PHILADELPHIA, July 23, 2015 – At the cusp of celebrating the 25th anniversary of the Americans with Disabilities Act, countless residents remain in limbo awaiting final outcome in a potentially precedent-setting case for the agency on whether reasonable housing accommodations include not just service animals but also assistance animals.
A 2014 decision by the Philadelphia Commission on Human Relations stands to open a new dimension for people with disabilities, but it remains mired in legal fights, despite having survived an initial appeal in the Court of Common Pleas.
“As our understanding of the needs of people with disabilities expands, it is clear that many people simply need small accommodations in order to live independently,” said PCHR Executive Director Rue Landau. “The commissioners’ decision in this case was right and just and fell squarely in line with the Fair Housing Act and HUD’s guidelines. Unnecessary appeals simply delay justice and equal opportunity to housing for people with disabilities.”
In Rubin v. Kennedy House Inc., PCHR ruled that assistance animals deemed therapeutic for people with disabilities are not subject to standard no-pet policies. In fact, they are as viable as traditional service animals that assist those with physical impairments such as blindness or epilepsy.
The case stemmed from an incident involving Jan Rubin, a would-be member at the Kennedy House Inc., a housing co-op. Because her dog, Mira, was not formally trained, the managers considered it a pet, and the housing complex has a no-dog policy. Rubin argued that Mira was a support animal, one that aids in her daily routine and helps to lessen the effects of medical ailments that have compromised her mobility and quality of life.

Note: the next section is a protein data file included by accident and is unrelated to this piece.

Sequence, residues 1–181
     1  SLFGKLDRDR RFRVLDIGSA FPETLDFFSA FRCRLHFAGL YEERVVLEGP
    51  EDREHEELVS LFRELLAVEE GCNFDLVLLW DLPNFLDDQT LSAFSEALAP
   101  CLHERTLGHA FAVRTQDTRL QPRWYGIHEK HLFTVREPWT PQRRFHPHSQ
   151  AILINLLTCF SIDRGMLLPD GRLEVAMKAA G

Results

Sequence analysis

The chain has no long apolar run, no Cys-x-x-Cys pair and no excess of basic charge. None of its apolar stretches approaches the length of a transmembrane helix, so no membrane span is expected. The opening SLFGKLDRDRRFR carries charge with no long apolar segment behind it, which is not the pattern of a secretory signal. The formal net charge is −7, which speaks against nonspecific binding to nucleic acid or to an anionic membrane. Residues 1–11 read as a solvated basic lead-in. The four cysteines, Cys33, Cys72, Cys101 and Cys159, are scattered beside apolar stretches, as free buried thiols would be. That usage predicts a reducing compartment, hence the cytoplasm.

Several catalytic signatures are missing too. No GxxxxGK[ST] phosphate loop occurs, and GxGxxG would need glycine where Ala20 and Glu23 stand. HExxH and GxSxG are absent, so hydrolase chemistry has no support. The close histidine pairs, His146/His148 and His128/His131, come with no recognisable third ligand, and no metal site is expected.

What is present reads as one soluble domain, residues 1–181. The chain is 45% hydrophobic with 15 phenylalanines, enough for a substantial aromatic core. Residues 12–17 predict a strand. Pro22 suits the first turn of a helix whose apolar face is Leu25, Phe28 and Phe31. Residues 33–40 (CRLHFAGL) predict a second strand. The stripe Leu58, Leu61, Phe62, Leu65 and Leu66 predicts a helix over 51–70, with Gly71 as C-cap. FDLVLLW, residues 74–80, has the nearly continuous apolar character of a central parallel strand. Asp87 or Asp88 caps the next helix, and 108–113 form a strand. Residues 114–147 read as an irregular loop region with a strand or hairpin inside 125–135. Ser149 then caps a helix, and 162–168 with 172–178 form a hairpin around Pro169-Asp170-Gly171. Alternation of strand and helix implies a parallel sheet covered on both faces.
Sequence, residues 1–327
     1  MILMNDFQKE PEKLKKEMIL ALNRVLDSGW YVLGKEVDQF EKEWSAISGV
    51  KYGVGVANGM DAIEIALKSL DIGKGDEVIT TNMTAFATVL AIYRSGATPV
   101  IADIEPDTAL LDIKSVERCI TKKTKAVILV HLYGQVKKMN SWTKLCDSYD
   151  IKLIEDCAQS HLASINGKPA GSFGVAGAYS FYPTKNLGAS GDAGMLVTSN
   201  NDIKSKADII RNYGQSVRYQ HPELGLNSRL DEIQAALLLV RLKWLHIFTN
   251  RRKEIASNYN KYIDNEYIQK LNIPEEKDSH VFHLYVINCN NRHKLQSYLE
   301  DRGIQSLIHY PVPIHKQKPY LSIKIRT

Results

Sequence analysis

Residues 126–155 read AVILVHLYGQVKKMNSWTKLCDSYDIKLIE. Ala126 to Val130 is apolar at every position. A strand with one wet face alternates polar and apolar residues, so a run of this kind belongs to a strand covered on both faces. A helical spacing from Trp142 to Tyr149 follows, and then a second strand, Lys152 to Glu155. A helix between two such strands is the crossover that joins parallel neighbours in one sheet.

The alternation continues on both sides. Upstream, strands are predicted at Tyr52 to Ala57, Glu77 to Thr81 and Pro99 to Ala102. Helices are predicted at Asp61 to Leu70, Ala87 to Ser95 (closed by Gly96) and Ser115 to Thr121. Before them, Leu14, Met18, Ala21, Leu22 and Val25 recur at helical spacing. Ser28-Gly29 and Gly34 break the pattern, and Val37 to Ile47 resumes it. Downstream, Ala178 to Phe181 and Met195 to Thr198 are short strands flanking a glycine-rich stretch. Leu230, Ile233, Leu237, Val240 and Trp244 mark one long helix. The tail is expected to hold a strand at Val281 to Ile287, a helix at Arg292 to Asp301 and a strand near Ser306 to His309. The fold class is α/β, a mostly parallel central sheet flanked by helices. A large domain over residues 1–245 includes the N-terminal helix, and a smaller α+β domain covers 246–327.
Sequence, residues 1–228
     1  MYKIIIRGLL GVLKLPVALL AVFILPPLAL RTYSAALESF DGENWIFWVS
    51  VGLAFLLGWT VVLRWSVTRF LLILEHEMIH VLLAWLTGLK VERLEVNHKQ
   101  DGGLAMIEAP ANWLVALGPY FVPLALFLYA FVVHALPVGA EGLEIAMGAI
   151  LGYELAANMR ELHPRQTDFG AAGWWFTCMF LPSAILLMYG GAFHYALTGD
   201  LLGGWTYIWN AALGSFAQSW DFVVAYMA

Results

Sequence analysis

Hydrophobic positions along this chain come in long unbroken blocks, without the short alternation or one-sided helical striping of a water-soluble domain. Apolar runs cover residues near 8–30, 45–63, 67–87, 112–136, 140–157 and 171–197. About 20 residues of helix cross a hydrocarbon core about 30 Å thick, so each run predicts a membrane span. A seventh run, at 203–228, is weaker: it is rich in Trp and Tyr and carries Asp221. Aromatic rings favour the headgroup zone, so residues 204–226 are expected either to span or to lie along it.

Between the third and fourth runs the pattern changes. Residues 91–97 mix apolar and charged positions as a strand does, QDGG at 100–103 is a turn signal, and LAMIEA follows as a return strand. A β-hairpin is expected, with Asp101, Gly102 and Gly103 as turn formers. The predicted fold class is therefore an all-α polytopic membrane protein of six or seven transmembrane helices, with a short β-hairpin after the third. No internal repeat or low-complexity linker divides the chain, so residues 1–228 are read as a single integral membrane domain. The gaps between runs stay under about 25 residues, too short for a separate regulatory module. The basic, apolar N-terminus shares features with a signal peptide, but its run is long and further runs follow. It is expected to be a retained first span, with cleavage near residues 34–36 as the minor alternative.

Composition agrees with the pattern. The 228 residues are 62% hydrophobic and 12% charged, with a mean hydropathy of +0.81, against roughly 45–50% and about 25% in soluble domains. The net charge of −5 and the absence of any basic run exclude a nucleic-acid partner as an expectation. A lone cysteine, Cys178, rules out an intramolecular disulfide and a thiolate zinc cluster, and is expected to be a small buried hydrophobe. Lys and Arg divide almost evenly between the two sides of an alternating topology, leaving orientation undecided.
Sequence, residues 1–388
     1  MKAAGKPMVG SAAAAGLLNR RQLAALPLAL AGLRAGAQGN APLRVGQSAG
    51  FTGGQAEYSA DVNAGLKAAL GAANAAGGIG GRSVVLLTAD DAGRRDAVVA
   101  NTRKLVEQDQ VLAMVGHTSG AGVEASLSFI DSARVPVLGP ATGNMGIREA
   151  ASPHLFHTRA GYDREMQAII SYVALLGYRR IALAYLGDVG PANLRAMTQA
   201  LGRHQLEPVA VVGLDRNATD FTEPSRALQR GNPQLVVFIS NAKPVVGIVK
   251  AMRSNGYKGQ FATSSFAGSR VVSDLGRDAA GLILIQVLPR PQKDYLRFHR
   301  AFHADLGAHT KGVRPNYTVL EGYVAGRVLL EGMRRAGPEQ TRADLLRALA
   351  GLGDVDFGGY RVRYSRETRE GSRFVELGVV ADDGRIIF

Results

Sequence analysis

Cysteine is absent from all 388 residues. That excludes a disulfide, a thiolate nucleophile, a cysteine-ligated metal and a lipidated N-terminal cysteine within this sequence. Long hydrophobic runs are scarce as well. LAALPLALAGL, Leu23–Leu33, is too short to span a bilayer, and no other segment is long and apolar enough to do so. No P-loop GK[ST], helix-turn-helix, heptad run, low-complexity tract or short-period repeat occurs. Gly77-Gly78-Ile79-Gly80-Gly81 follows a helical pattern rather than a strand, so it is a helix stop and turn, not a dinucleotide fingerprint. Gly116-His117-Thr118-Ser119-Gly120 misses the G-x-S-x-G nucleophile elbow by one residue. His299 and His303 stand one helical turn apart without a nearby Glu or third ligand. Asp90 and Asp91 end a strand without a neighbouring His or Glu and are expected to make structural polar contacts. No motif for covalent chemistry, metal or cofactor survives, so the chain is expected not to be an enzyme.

The Court of Common Pleas agreed. Kennedy House has now filed a second appeal, this time in Commonwealth Court.
At stake is clarification of the rules for city residents and housing providers. PCHR followed guidelines from the U.S. Department of Housing and Urban Development on assistance animals that address a segment of society that’s growing ever-reliant on this means of therapy. Whether it’s due to arthritis or autism, panic attacks or post-traumatic stress disorder, increasing numbers of Americans are turning to animals to help center them and allow them to better cope in the world.
Since enactment of the Americans with Disabilities Act in 1990, perspectives on accommodations and definitions of disabilities have continued to evolve. PCHR’s ruling is another example of that evolution.
“Not all disabilities are visible,” said PCHR Chair Thomas H. Earle. “It’s easy to see someone with a wheelchair or a mobility device. But we also have people with autism, intellectual disabilities, post-traumatic stress disorder and more. These are disabilities as well. And the law is broadly written so that they, too, can be protected.”
Read the PCHR ruling on Jan Rubin v. Kennedy House, Inc..